Archive for April, 2010

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Live Blogging and Recreating Baseball Games

After struggling through the live blogging of today’s iPhone 4.0 announcement from Apple, I couldn’t help but think about baseball. It’s Spring, the season has just started and I’ve already listened to most of a game on the radio. The first radio broadcast of a baseball game was in 1921:

In those days many radio stations often did not have the budgets or technology to broadcast games live from the park. Instead, stations would recreate the games in studio.  A telegraph operator would transmit the information back to the studio from the ball park where broadcasters and engineers would recreate game action from the ticker tape. Crowd noise, the crack of the bat, the umpire on the field and other sounds of the game were all manufactured in the studio as the game was being played live elsewhere.

Live blogging seems like public telegraph messages plus photography. The latency is still there— as is the re-creation of the event. Somehow I think those radio listeners in 1921 had a better sense of what was happening in the ball game than we do today watching our web browsers auto-refresh with the latest tidbit. While we grow closer in time, the fidelity of the broadcast is much lower.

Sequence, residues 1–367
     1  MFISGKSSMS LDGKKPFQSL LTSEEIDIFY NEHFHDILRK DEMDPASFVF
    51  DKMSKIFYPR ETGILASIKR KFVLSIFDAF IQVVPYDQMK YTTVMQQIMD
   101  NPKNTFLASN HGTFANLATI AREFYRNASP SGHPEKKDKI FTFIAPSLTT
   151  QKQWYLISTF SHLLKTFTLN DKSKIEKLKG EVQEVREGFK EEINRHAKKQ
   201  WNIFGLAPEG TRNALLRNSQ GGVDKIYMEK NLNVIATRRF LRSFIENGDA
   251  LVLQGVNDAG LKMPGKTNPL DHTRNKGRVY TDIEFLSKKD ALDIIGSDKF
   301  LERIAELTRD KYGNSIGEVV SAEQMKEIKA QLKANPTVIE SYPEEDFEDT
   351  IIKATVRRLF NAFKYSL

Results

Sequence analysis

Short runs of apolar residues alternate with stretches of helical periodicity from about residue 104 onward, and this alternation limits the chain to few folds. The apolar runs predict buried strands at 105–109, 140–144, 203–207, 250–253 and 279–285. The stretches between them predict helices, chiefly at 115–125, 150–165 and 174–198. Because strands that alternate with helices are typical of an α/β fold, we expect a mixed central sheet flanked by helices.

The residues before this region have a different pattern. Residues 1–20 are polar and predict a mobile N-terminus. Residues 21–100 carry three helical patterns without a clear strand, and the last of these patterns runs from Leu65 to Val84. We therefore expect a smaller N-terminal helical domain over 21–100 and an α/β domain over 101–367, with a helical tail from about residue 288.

In 1994, John Perry Barlow wrote about The Economy of Ideas, and made the observation that time replaces space:

In the virtual world, proximity in time is a value determinant. An informational product is generally more valuable the closer purchaser can place themselves to the moment of its expression, a limitation in time. Many kinds of information degrade rapidly with either time or reproduction. Relevance fades as the territory they map changes. Noise is introduced and bandwidth lost with passage away from the point where the information is first produced.

Thus, listening to a Grateful Dead tape is hardly the same experience as attending a Grateful Dead concert. The closer one can get to the headwaters of an informational stream, the better one’s chances of finding an accurate picture of reality in it. In an era of easy reproduction, the informational abstractions of popular experiences will propagate out from their source moments to reach anyone who’s interested. But it’s easy enough to restrict the real experience of the desirable event, whether knock-out punch or guitar lick, to those willing to pay for being there.